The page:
Leaving Virtus.pro after so many years was scary, and so was joining Team Kinguin. It was a new adventure.
I decided to join Team Kinguin – which later became the foundation for devils.one – mainly because I knew Viktor Wanli, the owner. We spoke a few times before I joined and even then, we talked about me joining the team numerous times.
I knew it was the place I wanted to head to because Kinguin had invested the most in esports in Poland. It was obvious that he wanted to create something huge in Poland and has been in the industry for many, many years.
He was there even before I started to play Counter-Strike. That’s how long he has been in the industry.
I also liked some of the players that were already in the organisation, most people didn’t see the value that I did in them. I knew it would be easy to work with them if I was to join.
The one thing I hate more than anything is losing. Devils.one shares that feeling. When I was just helping to build the team from nothing last year, losing was literally painful. It was hard to cope with losing at every tournament we attended.
Not so long ago, I had a few conversations with a sports psychologist. Those talks made me understand that I was being too competitive, too much of a perfectionist. That is why this year we are taking a small step back so that we can be ready to make a big jump in the future.
My involvement with devils.one at the moment is mainly working on the performance in Counter-Strike. It makes sense, as this game is one of the most important in Poland.
But I also want to have an impact on the organization as a whole. To help build a culture. I want to show fans and players how things should be, how respectful you should be towards each other. The Polish fans will have something to look up to, whether it’s as a fan, player, staff member, or anything else.
This is what I said in my conversations with Viktor. If I can help with investors, sponsors, and partners too, then that is even better. My long career has allowed me to gain plenty of experience, and I’m hoping that I can use that to help devils.one behind the scenes as well.
But you must have a clear head if you want to win.
I am still completely committed to winning with my team, and therefore I will wait until I am ready to stop playing before I step things up with the organization. The people behind the wheel are capable of doing things without my advice, I know that.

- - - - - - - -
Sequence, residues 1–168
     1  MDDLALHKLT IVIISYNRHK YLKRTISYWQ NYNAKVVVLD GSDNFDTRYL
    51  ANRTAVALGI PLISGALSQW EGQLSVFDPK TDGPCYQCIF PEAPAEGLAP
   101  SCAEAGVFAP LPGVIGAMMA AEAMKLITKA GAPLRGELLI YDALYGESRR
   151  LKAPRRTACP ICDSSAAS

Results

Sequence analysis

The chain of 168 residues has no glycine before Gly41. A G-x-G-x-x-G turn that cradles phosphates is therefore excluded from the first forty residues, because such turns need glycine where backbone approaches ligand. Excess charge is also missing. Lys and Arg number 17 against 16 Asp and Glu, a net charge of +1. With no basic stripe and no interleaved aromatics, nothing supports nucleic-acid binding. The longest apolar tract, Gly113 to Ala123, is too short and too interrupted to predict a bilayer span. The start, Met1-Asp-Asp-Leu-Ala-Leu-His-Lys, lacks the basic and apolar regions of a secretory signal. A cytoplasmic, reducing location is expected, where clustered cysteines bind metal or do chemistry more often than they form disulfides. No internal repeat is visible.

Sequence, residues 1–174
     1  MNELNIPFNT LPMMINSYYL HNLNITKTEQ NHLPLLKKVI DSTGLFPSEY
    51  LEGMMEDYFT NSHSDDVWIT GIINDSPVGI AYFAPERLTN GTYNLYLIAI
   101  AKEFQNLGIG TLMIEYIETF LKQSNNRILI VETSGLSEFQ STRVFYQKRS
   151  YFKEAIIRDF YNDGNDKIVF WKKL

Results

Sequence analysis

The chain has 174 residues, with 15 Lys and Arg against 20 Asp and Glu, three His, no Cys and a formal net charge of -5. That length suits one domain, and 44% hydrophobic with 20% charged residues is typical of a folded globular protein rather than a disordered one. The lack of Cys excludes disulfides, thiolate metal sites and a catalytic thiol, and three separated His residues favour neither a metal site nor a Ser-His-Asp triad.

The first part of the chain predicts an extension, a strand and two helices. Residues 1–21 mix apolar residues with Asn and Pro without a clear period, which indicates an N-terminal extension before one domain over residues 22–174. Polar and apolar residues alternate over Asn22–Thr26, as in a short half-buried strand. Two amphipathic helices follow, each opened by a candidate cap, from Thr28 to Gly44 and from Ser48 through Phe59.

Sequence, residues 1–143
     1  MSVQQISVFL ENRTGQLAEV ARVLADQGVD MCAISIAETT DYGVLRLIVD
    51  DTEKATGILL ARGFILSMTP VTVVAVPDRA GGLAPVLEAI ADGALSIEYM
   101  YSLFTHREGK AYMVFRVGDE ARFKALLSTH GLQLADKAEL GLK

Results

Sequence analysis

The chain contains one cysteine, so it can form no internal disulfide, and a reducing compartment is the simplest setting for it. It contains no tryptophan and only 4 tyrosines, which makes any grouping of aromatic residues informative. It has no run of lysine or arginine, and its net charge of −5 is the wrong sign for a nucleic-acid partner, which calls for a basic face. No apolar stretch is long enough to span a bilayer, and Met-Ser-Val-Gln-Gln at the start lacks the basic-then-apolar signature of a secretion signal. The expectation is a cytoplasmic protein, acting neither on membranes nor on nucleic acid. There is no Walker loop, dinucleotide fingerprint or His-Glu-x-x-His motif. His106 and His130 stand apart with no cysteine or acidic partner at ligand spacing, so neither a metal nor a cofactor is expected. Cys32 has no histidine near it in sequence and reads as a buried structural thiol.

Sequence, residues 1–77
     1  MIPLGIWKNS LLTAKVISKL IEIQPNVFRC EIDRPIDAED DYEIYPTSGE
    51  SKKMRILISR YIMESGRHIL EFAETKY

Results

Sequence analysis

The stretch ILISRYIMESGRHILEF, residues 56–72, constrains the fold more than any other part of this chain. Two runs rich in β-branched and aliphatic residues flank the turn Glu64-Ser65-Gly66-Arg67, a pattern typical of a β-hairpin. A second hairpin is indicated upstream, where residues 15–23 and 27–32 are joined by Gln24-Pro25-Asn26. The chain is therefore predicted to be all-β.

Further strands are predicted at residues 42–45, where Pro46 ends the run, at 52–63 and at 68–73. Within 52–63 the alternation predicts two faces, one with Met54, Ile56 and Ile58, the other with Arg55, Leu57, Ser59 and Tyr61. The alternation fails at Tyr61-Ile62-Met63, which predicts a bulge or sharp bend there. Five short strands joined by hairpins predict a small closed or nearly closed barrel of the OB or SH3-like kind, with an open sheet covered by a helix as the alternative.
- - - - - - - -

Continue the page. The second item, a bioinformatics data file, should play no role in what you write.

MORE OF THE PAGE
Last year was difficult. I’m not happy about it, but when I look back, I can say that I am satisfied. It was like coming in blind to the Polish scene since I had never played with any of these players before. My expectations were not high, I just wanted to get things moving.
Our team was formed with three days before a roster lock. With things like that, you never know how it is going to go, but sometimes you just make the team and see what happens.
Basically, we had 11 months of slow and steady improvement, and then one month of terrible results.
There was really nothing we could do during that one month of bad form. When you go to lots of events you don’t have the time to change players, fix your mistakes, or even create tactics. You just have to try and power through the tough times.
In the end, we won the ESL Polish Championship but bombed out from the European Minor in unlucky circumstances. A result like that is disheartening, but I was determined to continue.
Since then we have swapped one player, but we don’t have any results to judge ourselves on at the moment. All I can say is that I am extremely excited about what we have built so far.
Everyone always knew me as an ambitious person, and that’s why my goal is beyond making Poland the best nation in CS:GO. Astralis are doing incredible work and ENCE look fantastic also, but my ultimate ambitions are beyond that.
For now, I would like us to get into the top three teams in the world. I believe it’s possible with hard work and the right mindset.
For now, we need more time to work on the team and improve on the results from last year.
But we can get there.